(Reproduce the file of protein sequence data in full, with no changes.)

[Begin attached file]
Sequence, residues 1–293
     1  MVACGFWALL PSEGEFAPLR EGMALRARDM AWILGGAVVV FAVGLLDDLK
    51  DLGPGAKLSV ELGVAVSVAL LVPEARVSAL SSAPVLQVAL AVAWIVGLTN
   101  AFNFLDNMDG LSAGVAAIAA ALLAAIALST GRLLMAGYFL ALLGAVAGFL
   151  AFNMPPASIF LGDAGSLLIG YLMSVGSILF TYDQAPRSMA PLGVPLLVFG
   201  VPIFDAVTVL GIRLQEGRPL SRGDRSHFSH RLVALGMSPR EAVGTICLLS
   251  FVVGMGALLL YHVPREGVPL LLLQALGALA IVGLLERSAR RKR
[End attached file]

Sequence, residues 1–293
     1  MVACGFWALL PSEGEFAPLR EGMALRARDM AWILGGAVVV FAVGLLDDLK
    51  DLGPGAKLSV ELGVAVSVAL LVPEARVSAL SSAPVLQVAL AVAWIVGLTN
   101  AFNFLDNMDG LSAGVAAIAA ALLAAIALST GRLLMAGYFL ALLGAVAGFL
   151  AFNMPPASIF LGDAGSLLIG YLMSVGSILF TYDQAPRSMA PLGVPLLVFG
   201  VPIFDAVTVL GIRLQEGRPL SRGDRSHFSH RLVALGMSPR EAVGTICLLS
   251  FVVGMGALLL YHVPREGVPL LLLQALGALA IVGLLERSAR RKR